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Making Your DIY Shopping List
Dated: August 3 2020
DIY projects are a great way to keep yourself busy during social distancing while also giving you a chance to hone certain skills or take care of a few things around the house. With some DIY projects you’ll already have everything you need at home, making it a simple matter of getting everything together and actually doing it. With other projects, though, you’ll have to venture out to pick up a few things. This can be stressful during a period of social distancing. You need to be conscious of both exposing yourself or others to the virus, so it’s important that you follow CDC guidelines and guidance from your local government for your community. You’re also going to want to make sure you’re ready with a list of everything you need before you head out the door.
The goal here is to make sure that you can get everything you need in as few trips as possible. After all, the fewer times you have to go out, the less chance there is for you to accidentally expose yourself or others to sickness. To that end, here are a few suggestions that can help you make your DIY shopping list and get everything you need in a single trip.
Build Your Project List
The first thing that you’ll need to do is figure out exactly what it is that you’re hoping to get accomplished. Think about more than just the project that you’re currently working on and look at your overall DIY slate. Not only can taking all of your projects into account help you cut back on trips for supplies, but it can also make it easier to see where supplies can be used for more than one project. You don’t have to list every single project that you might conceivably do, but at least create a list of the next few projects that you hope to tackle.
What Do You Have on Hand?
Figure out everything that you’ll need for the projects on your list, then start looking at what you already have available. Maybe you already have some lumber, wires or fasteners on hand; do you have enough to get through all of your projects? If you don’t have the exact materials that you’d planned on using for a project, do you have anything similar that could be substituted? Be sure and take things like paint, sealer and similar materials into account as well. Knowing what you already have will help you narrow down exactly what you do need, which will keep your costs down and make your shopping trip go faster as well.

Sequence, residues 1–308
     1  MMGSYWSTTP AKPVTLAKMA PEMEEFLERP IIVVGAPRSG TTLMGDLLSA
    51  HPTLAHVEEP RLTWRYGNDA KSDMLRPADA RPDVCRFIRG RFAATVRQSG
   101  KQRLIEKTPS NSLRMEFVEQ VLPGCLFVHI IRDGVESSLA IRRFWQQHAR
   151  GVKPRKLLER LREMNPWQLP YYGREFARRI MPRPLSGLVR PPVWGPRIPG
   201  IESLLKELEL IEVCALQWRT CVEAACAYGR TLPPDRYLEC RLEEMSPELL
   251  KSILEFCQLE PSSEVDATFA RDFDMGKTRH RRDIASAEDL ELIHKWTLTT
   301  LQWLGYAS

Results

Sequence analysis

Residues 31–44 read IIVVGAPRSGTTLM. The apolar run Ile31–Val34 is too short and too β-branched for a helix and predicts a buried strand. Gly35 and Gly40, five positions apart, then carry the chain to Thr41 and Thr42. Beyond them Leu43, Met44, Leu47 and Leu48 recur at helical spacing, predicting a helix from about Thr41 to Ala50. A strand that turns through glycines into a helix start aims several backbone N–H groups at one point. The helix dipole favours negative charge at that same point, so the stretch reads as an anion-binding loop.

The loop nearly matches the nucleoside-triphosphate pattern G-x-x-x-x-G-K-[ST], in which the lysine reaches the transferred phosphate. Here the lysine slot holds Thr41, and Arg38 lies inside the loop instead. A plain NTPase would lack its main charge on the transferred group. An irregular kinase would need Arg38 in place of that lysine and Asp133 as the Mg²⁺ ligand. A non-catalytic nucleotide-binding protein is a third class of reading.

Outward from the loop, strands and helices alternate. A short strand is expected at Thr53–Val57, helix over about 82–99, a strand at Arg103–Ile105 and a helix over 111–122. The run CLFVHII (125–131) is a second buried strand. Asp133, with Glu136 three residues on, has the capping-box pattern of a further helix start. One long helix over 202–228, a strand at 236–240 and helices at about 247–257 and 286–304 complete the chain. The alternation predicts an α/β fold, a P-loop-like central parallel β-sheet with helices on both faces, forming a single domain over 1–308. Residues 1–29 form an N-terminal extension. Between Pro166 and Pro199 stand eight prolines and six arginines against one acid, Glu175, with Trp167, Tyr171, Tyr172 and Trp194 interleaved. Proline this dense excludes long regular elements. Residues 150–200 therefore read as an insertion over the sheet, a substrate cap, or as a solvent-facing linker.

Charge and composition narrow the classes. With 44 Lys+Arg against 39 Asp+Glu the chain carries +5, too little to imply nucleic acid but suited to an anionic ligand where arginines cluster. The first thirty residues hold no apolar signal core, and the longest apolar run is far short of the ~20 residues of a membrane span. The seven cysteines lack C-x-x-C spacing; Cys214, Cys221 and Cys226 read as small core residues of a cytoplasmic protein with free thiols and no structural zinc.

What Do You Still Need?
Take into account everything that you’ll need to finish your projects, including any additional tools you’ll need to pick up and anything you’ll need for maintenance or decoration. Organize your list as best you can by items that should be located in the same area, reducing your back-and-forth time and keeping your contact with others in the store at a minimum. Be sure to check this list twice, as anything you miss will mean another trip to the store at some point.
Planning for Multiple Stops
One other thing to consider is that you may not be able to get everything that you need in a single stop. If this is the case, organize your list so that you group everything at each stop together. This means that if you need to hit the hardware store, all of your hardware purchases are in that part of the list. Any big-box specific purchases would be in another part of the list. Once you have these divisions in place, you can use the same tactic from above in regard to sub-grouping items that are in the same part of each store.
You should also use this time to plan other necessities for your trip as well. Make sure that you have a mask or other protection gear, hand sanitizer and anything else you might need and that you’ve made preparations for each stop. It’s also a good idea to come up with a timetable for your trip, figuring out what time everything opens so you can go as early as your schedule allows to avoid crowds. It’s important to be conscious of how social contact can potentially expose you to illness, as well as how you might inadvertently spread it to others; proper social distancing, protective gear and other preparations are as much a part of your preparations to shop as your list is.
Making Your Shopping List
One last thing to consider: While you may be used to keeping shopping lists on your phone or through a digital assistant, if you’re in an area where you really want to minimize potential contact with germs or other contagions then individual paper lists could be a better option. This reduces the possibility of your phone getting contaminated while you look at it or touch it, and the lists themselves can be disposed of once you’re done with them. It can also help with your organization since you’ll just have a single list to work from with each stop that you make.